A Traditional Message of Deliverance
Marquinn Middleton and The Miracle Chorale
Michael McGee | 8/9/2013, 6:54 a.m.
The Dallas Examiner
“Marquinn Middleton and his choir are the next generation Kirk Franklin and the Family but on steroids,” said M. Legend Brown, a Dallas screenwriter and director. “Marquinn is unique, is fresh, and has you holding your breath until the end.”
Marquinn Middleton and The Miracle Chorale is a Dallas-based gospel group that has just recently began to catch people’s attention, but its history actually began a few generations ago.
Raised by his grandparents, Middleton, the founder and choir director, credits his personal musical skills to his roots. He comes from a family of singers. One in particular, a Tony award-winner, has seen her share of fame.
“Jennifer Holliday, that’s a cousin of mine,” he said. “She has taught me so much with how to command the stage … watching her, watching my grandmother – who is a wonderful gospel singer in her own way.”
He grew up in a household that was, as he put it, “just filled with singing.” He rounded out his musical background with classical music and a capella choir during his school days in Garland.
“I have been doing choirs since I was really little. Probably about 9 years old,” he stated.
From that upbringing, Middleton has led some heavyweight choir talent. In the past he has had the opportunity to direct the DFW Mass Choir, the Gospel Tabernacle Choir, and takes his 68-member Miracle Chorale to shows across the United States.
“I have done quite a bit for the age of 42,” he said with a laugh. “God has really opened up some tremendous doors for us.”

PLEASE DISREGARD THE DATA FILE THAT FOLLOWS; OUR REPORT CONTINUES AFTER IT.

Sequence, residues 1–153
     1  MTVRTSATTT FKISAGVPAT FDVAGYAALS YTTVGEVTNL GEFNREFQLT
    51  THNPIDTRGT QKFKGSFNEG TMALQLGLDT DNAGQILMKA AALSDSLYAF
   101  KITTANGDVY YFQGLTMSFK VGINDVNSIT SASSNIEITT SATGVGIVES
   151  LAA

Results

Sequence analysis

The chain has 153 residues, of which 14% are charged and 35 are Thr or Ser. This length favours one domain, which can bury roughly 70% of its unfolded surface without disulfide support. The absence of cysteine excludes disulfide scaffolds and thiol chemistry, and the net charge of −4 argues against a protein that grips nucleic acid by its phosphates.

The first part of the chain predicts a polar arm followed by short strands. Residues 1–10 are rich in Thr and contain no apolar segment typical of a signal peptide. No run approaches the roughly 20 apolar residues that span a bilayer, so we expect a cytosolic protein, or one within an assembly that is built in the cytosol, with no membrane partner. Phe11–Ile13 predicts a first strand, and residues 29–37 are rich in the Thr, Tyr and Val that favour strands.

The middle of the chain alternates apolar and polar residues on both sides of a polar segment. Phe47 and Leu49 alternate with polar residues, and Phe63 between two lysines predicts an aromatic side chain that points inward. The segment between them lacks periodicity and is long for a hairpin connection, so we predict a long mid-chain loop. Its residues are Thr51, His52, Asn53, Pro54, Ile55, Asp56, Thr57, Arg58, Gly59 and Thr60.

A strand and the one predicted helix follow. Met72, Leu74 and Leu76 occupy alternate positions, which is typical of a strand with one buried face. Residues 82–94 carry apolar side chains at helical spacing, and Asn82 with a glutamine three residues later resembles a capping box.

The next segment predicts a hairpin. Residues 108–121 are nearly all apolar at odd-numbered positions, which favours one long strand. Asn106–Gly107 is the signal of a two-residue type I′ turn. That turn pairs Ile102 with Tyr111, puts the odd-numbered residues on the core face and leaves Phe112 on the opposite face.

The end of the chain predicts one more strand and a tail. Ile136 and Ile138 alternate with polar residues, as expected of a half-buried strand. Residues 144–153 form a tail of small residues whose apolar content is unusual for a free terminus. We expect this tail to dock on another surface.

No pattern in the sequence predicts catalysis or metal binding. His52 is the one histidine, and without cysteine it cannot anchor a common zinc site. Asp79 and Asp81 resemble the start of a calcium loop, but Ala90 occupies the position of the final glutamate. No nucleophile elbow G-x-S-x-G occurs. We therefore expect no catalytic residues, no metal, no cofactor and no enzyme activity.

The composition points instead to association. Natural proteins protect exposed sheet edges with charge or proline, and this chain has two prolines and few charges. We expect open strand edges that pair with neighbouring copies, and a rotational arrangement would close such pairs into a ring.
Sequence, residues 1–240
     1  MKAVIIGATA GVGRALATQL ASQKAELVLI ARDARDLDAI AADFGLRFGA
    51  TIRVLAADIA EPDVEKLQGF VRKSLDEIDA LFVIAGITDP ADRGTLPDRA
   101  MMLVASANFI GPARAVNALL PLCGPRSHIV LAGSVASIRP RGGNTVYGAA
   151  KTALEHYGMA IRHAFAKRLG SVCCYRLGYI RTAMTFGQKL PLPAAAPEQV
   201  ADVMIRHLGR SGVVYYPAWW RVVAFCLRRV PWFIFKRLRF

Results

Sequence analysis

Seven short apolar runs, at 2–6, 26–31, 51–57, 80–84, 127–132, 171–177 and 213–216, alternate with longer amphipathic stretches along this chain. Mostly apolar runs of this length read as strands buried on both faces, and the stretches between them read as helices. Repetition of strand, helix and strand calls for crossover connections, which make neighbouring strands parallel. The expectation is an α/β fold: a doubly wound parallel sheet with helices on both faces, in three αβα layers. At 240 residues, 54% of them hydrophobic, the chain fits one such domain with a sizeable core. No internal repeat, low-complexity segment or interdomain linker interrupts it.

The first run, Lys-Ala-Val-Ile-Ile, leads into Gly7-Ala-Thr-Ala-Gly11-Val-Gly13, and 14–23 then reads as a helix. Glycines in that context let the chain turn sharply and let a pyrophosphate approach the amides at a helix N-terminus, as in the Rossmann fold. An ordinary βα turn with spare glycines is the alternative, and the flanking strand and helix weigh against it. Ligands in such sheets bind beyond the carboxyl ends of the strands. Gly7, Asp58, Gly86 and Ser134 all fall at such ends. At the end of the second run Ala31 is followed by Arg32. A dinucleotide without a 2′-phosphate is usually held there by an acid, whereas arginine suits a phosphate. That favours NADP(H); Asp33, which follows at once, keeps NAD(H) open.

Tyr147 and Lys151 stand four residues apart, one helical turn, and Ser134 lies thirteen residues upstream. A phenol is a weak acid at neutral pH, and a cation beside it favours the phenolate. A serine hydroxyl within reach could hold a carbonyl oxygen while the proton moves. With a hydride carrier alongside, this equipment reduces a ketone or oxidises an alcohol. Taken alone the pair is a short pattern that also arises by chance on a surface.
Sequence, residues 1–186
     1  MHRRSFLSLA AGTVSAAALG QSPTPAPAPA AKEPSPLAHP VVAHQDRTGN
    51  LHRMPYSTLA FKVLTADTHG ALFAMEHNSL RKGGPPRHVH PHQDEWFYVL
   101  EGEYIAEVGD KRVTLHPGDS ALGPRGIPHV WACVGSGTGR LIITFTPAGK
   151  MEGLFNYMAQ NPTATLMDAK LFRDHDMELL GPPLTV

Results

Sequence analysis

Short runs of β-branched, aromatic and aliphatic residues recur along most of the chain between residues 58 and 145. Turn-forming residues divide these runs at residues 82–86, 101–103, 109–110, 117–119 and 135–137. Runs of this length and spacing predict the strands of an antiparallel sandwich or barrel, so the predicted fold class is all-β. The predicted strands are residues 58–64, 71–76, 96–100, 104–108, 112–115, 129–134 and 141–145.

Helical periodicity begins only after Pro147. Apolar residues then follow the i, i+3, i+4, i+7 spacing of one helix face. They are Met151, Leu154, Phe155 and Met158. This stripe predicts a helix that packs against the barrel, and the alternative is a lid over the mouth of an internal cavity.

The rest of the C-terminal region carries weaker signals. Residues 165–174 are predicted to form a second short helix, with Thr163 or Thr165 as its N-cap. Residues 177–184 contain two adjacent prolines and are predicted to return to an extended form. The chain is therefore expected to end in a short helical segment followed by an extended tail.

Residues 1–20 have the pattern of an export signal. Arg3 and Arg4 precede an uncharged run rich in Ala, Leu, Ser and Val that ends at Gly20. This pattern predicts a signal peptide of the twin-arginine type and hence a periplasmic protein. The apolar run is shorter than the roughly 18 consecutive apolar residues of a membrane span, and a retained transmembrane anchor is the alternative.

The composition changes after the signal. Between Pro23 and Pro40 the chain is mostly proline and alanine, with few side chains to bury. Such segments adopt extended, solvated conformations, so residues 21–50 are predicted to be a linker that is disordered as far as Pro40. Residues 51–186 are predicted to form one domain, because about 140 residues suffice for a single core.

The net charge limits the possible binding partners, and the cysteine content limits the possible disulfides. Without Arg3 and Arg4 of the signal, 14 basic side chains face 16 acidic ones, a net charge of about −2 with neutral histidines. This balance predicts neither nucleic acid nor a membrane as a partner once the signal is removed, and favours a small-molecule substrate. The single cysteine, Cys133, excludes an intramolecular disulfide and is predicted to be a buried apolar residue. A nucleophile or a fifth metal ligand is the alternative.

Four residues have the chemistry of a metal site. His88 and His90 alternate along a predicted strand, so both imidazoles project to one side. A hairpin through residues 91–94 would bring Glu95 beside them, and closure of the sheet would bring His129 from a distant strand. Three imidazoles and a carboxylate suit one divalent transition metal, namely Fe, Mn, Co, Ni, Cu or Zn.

At times the group performs in small settings with about 10 singers; other occasions it found itself singing in a church or coliseum with the full chorale.
“The Bible does tell us to take our ministry outside of the church, outside of the four walls,” he said as he estimated that the choir has been together about 13 months. “It’s kind of shocking to some people,” he mentioned as he discussed the size and popularity of the group.
Local gospel singer Crystal Cameron heard the choir for the first time at the monthly First Sunday show held at the Center City Bar and Grill in Arlington and said she was blown away by the group.
“[They are] a very powerful choir, and made the listeners stand to their feet,” she said. “I would give them two thumbs up, and three, if I had a third.”
The chorale also competed for Best Choir last year during the How Sweet the Sound Gospel Celebration, earning a standing ovation.
“It’s possible that we’re going to be doing that again this coming year,” the director said.
In the meantime, the choir has been nominated for Choir of the Year, Community Choir of the Year and Best Performance by a Choir/Director for the Rhythm of Gospel Awards for Contemporary. Middleton has also been nominated for a Choir Director of the Year.
Even with such enthusiasm behind the group, Middleton fears that community choirs may be a fading part of the Black Southern church experience.
“You know, people don’t really do community choirs anymore,” he said. “It’s just a gathering of choirs, a gathering of people in the Metroplex.”
Regardless of the fame the choir gains or the changes in Black church-traditions, the message the choir tries to convey through their collective voice, Middleton said, is one of deliverance.
“So many people are going through so much, you know,” he said as he paused to think on recent events. “Just the opportunity for us to just minister in song and actually see people get healed, and delivered …”
Middleton said that he and his singers are firmly committed to their musical mission.
“Just to make sure that we keep on mentioning the name Jesus. We do not want to get away from that,” he said. “We do not want to get away from what He is doing in His season, and even in this hour.”